Monday Morning Quarterback

Monday Morning Quarterback: Evaluate and Improve your Worship Service

Every Monday morning after a game, NFL football players watch films from the previous Sunday to determine what they can do better next week. We should be even more concerned about what happens in our worship services each Sunday. The NFL is just playing a game. We aren't.

Growing churches are always asking the question: "How can we do it better?"

They are ruthless in evaluating their own services and ministries. Evaluation is the key to excellence. You must continually examine every part of your service and assess its effectiveness.

At Saddleback, we've developed three tools to aid in evaluation: the First Impression card, the Welcome card, and a Worship Evaluation sheet.

All three provide us with valuable feedback. Feedback is the breakfast of champions. It is the secret of continuous improvement, something the Japanese call "Kaizen"

The First Impression card gives us feedback from first-time visitors. It helps us see the service from their perspective.

The Welcome card gives us feedback from our regular attenders and members. We receive a steady flow of suggestions and tips from those in the Crowd.

The Worship Evaluation sheet gives us feedback from our own staff members. It includes an evaluation for everything from parking to bulletins to refreshment tables to the music and message.

In 1 Corinthians 14, Paul concludes his instructions on seeker-sensitive services by saying "But everything should be done in a fitting and orderly way." (1 Cor. 14:40)

I believe this verse implies that planning, evaluating, and improving our services is a proper thing to do. Both the worship of God and the evangelizing of people deserve our best effort.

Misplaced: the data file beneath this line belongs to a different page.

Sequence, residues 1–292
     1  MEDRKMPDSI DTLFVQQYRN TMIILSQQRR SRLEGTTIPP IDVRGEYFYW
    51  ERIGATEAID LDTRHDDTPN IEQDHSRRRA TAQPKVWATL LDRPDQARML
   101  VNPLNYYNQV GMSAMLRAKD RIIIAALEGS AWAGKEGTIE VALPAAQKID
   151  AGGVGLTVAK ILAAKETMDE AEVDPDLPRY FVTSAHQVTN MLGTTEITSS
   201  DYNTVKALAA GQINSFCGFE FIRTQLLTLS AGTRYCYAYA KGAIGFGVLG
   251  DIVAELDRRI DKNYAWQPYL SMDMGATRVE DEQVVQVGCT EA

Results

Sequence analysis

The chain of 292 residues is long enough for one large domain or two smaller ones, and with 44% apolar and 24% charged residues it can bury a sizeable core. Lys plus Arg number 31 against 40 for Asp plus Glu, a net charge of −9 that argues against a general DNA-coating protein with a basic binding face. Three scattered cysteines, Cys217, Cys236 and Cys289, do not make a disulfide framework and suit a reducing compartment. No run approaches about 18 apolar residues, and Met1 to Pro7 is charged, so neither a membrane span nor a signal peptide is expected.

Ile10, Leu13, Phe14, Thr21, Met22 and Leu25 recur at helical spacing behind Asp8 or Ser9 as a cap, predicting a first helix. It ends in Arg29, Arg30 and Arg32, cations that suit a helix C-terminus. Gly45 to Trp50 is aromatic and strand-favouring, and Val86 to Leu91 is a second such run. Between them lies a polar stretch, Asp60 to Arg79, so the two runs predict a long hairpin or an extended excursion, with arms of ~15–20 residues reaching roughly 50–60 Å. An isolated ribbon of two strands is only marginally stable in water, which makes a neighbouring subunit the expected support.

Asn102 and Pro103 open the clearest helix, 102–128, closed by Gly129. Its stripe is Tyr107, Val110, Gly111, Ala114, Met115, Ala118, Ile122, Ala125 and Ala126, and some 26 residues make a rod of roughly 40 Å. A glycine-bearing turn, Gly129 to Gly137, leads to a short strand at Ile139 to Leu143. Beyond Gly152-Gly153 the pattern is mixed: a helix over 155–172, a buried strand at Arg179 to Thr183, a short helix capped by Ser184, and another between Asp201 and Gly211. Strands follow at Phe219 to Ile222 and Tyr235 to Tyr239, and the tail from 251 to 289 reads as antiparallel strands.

Seeker-sensitive services are hard work! It takes enormous amounts of energy, creativity, commitment, time, money, and preparation to pull off a service for seekers week after week. Why bother? Why go to all this trouble trying to bridge the cultural gap between the church and the unchurched? Because, like Paul, we do it all, "for Jesus' sake." (2 Cor. 4:5)

You must know why you do what you do or else you'll be defeated by discouragement.

I remember one particular Sunday morning a number of years ago. We were setting up the high school for the weekend services and about half of our set-up crew had not shown up, for one reason or another. As I was carrying nursery equipment from a trailer to one of the classrooms across the campus, I remember feeling overwhelmed with a sense of discouragement.

Satan began to throw darts of self-pity at me: Why should you have to do all this set up and take down while all other pastors have to do is just show up? They just walk into their own building. Most pastors don't have to mess with setting up and taking down every week but you've had to do this for years!

As I was beginning to enjoy my pity party, the Holy Spirit tapped me on the shoulder and asked, "Hey Rick, who are you doing this for anyway?" I stopped dead in my tracks in the middle of the high school parking lot, began to cry, and reminded myself: I do this for Jesus' sake. It is nothing compared to what he's done for me.

"In all the work you are doing, work the best you can. Work as if you were doing it for the Lord, not for people. Remember that you will receive your reward from the Lord, which he promised to his people. You are serving the Lord Christ." Col. 3:23-24 (NCV)

This article is used by permission from Rick Warren's Ministry ToolBox, a free weekly e-newsletter for those in ministry.